A report on Simmons & Simmons’ pro bono client work on international matters relating to the Maasai’s battle for their lands.
Chris Owen, a Supervising Associate in Simmons & Simmons’ London Litigation Department, has recently returned from a working visit to Tanzania, where he has been advising one the firm’s pro bono clients, NGONET. NGONET is a non governmental organisation which acts as the umbrella organisation for a larger group of NGOs, each of which represent the interests of the Maasai people.
The Maasai are a semi nomadic population who practise pastoralism. The usual arrangement is to establish small community villages where women, children and elders live, whilst the men travel around the region grazing their cattle in different locations. The men spend around three months away from the village tending the herd before returning. The social, economic and environmental benefits of this way of life are recognised both at the UN and EU levels and there is a commitment to seek to preserve pastoralism.
The Maasai are currently facing extreme pressure over their land. Traditionally, they lived in an area now covered by the Serengeti (Tanzania) and the Maasai Mara (Kenya). However, in 1958 they entered into an agreement with the British colonial administration to move away from these lands and into the Ngorongoro and Loliondo regions of Northern Tanzania so that the National Parks could be created. Despite this initial upheaval, for several decades the Maasai lived relatively undisturbed in Ngorongoro and Loliondo.
However, since the early 1990s, commercial interests have increased in the area. In particular, a number of safari companies and hunting groups have started operations. In general, the Maasai have been happy to share their lands with these groups and there are a number of success stories whereby commercial agreements have been entered into between the Maasai and international businesses. The most successful agreements have recognised that the land belongs to the Maasai and the commercial entities have taken leasehold interests on payment of a fair market rent to the Maasai.
Unfortunately, not all commercial entities have respected the Maasai’s land ownership. A few have sought to take over the legal ownership of the land and to evict the Maasai, in some cases violently. This has led to great uncertainty and distress both in relation to the Maasai’s land tenure and to their personal security.
A legal solution?
In response to these threats, the Maasai have grouped together and have commenced three cases in the Tanzanian courts. Although the facts of each case are different, the aim of each is to seek a declaration that the Maasai are the legal owners of the land they occupy. This will involve a consideration by the local courts of the land title documents and the interplay of the relevant provisions contained within the Village Land Act 1999 and the Land Act 1999.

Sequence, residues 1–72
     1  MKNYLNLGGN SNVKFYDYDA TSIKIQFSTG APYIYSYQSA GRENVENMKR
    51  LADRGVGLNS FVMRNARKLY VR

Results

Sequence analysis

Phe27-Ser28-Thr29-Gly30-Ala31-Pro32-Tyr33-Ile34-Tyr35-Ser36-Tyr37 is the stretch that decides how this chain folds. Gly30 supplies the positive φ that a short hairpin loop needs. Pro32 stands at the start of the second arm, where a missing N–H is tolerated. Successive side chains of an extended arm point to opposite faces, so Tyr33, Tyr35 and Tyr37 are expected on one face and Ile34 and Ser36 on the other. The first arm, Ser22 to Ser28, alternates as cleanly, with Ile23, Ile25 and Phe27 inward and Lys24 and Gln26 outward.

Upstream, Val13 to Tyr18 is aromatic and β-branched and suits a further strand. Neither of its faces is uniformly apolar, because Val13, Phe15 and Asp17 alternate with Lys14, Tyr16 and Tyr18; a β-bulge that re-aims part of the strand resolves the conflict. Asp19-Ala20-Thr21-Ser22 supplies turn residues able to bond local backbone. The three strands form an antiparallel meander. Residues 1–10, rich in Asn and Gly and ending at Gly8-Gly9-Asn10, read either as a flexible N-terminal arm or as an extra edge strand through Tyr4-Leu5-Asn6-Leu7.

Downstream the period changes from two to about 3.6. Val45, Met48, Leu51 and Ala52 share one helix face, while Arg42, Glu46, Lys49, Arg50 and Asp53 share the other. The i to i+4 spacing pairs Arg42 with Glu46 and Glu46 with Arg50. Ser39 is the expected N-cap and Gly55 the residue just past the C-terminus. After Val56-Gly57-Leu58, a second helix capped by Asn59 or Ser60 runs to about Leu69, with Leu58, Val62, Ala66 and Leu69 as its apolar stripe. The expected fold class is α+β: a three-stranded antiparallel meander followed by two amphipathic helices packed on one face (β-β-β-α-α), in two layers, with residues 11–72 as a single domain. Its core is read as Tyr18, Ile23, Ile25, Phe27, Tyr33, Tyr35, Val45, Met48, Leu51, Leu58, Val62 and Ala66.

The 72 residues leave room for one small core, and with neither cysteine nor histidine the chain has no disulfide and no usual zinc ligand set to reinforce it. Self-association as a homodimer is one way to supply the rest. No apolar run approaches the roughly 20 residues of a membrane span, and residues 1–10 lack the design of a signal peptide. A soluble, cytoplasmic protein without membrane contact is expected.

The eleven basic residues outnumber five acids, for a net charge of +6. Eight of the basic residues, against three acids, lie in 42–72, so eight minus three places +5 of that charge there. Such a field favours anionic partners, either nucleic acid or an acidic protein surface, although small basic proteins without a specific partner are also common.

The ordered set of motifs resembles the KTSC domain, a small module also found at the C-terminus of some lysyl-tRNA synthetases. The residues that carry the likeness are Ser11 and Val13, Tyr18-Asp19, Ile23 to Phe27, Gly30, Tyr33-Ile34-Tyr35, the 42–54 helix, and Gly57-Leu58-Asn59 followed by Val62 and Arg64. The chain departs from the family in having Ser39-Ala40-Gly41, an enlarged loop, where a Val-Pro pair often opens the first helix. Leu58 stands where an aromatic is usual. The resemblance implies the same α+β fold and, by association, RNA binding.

One of the cases is also framed as a constitutional challenge, seeking to argue that recent government legislation (the Wildlife Conservation Act 2009) allowing reclassification of Maasai village land for commercial interests is unconstitutional. The case will also dispute the validity of the new Land Use Plan which has been drawn up for the region without input from the Massai.
This constitutional challenge is likely to take time to progress, as cases with a constitutional element must be considered by three judges. There is also concern that political prejudice against the Maasai may make a favourable result at first instance unlikely. However, there are avenues of appeal should the case be dismissed at first instance.
In addition to raising issues of national land law, the three cases also involve questions of international law applicable to land ownership and protecting indigenous groups. It is likely that the cases could be appealed to international tribunals, such as the African Commission or African Court of Human and Peoples’ Rights. Indigenous groups have had some success before international tribunals in respect of similar issues. For example, the African Commission recently recognised the land rights of the Enderois people of Kenya in February 2010. Given these international law aspects, NGONET have requested Simmons & Simmons’ assistance to work together with the local Tanzanian law firms handling the cases.
Chris is managing a large team of lawyers across several of our offices working with NGONET’s local lawyers to provide research and input on matters of international law, land law and case strategy. The purpose of Chris’ visit was to meet face to face with the client, the local lawyers and the villagers, to gain a better understanding of the operation of the cases at ground level and to develop case strategy. It is hoped that this international partnership will increase the prospects of the Maasai being able to obtain a fair deal in respect of their land ownership.
This document (and any information accessed through links in this document) is provided for information purposes only and does not constitute legal advice. Professional legal advice should be obtained before taking or refraining from any action as a result of the contents of this document.